Clifton:  I will make you sorry!

Darlene: Let's get it on!

Clifton:  All in good time, Baby.

Darlene's blood was about to boil, but she let it pass.

Clifton told his older brother, Louis, about this terrible, awful, mean, wicked girl who kept threatening him.  Louis said, "I can straighten her right out."  Clifton grinned.  "Thanks, Brother."

The Pratt's front doorbell rang shortly after five in the evening.  Mrs. Pratt answered the door to find a large angry woman and a twelve-year old boy standing on the porch.

L. A. Woman: Is this where Darlene lives?

Samantha: Yes. How may I help you?

L.A. W.:  How?  Just look at what that wicked vixen did to my Louie!

And there stood Louie, right eye purple and swollen, left cheek raw with claw (?) marks.

Samantha (turning toward the interior of the house):  DARLENE! Come here at once.

Darlene shows up at the door, stands beside her mother, grasping her skirt and looking up, her baby blues all innocence.  Louie's mother looks at this slip of a girl, turns to her son and says, "Is this the girl that beat you up?"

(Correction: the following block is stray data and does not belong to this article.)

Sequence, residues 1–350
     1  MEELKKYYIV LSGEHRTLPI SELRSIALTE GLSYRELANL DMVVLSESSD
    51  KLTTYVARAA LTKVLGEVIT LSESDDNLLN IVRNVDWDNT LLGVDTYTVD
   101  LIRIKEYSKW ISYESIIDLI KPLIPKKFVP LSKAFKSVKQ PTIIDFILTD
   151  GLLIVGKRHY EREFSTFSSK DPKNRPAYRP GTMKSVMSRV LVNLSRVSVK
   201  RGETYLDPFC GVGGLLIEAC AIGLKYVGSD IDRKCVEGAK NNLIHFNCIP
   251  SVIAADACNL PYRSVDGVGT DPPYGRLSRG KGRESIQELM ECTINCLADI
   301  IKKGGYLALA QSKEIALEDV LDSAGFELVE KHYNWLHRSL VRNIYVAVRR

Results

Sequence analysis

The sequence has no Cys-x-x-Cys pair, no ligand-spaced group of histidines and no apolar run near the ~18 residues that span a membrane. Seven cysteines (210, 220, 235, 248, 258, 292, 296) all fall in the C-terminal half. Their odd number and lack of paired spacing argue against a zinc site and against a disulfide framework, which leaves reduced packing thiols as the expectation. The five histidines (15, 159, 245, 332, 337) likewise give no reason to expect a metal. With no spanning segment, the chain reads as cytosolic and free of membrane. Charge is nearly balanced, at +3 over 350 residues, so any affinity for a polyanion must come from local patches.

"Yeh, Ma.  That's her."

Ma turned with a roundhouse swing and walloped her son across the cheek.  "You let that little thing beat you up?  I'll show you what it means to get beat up!  Now get to the house. 'Scuse, me, Ma'am.  We'll be getting along now."


 ©2017  David W. Lacy

Monday, April 3, 2017

Crime in Pineville

During their first grade year at Pineville Elementary School, Darlene and Darren had been in the same classroom.  At the end of the year their teacher, a very frazzled teacher, advised most firmly that that sort of placement should not be allowed next year.

So it was that the twins had been in different classrooms since.  Clifton, Darren's nemesis, was in the fourth grade classroom with Darlene.  This sunny October morning Sadie, whose birthday was yesterday, brought her new yo-yo which her Aunt Min had given her.  Sadie had already mastered Walking the Dog and putting her toy to "sleep."  On the playground this morning she had even allowed some of her girlfriends to give it a try.  How pretty it was, shiny blue with silver sparklies that fairly danced in the sunlight as it spun up and down its string!